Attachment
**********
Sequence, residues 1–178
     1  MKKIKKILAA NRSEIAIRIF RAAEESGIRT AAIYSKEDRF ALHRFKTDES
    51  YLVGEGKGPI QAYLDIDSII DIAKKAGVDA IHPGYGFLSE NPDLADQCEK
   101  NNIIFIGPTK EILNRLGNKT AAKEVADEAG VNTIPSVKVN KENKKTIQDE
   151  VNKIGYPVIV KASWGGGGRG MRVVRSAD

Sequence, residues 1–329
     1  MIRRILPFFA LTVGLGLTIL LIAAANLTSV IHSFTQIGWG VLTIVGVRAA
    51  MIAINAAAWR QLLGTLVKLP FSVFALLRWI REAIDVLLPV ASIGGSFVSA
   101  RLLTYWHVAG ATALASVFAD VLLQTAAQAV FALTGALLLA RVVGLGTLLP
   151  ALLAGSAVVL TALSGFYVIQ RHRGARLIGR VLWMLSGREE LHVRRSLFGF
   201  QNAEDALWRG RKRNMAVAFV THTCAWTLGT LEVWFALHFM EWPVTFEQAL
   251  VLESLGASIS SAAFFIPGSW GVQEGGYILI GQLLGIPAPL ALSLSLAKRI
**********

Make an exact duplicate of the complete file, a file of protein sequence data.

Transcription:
Sequence, residues 1–178
     1  MKKIKKILAA NRSEIAIRIF RAAEESGIRT AAIYSKEDRF ALHRFKTDES
    51  YLVGEGKGPI QAYLDIDSII DIAKKAGVDA IHPGYGFLSE NPDLADQCEK
   101  NNIIFIGPTK EILNRLGNKT AAKEVADEAG VNTIPSVKVN KENKKTIQDE
   151  VNKIGYPVIV KASWGGGGRG MRVVRSAD

Sequence, residues 1–329
     1  MIRRILPFFA LTVGLGLTIL LIAAANLTSV IHSFTQIGWG VLTIVGVRAA
    51  MIAINAAAWR QLLGTLVKLP FSVFALLRWI REAIDVLLPV ASIGGSFVSA
   101  RLLTYWHVAG ATALASVFAD VLLQTAAQAV FALTGALLLA RVVGLGTLLP
   151  ALLAGSAVVL TALSGFYVIQ RHRGARLIGR VLWMLSGREE LHVRRSLFGF
   201  QNAEDALWRG RKRNMAVAFV THTCAWTLGT LEVWFALHFM EWPVTFEQAL
   251  VLESLGASIS SAAFFIPGSW GVQEGGYILI GQLLGIPAPL ALSLSLAKRI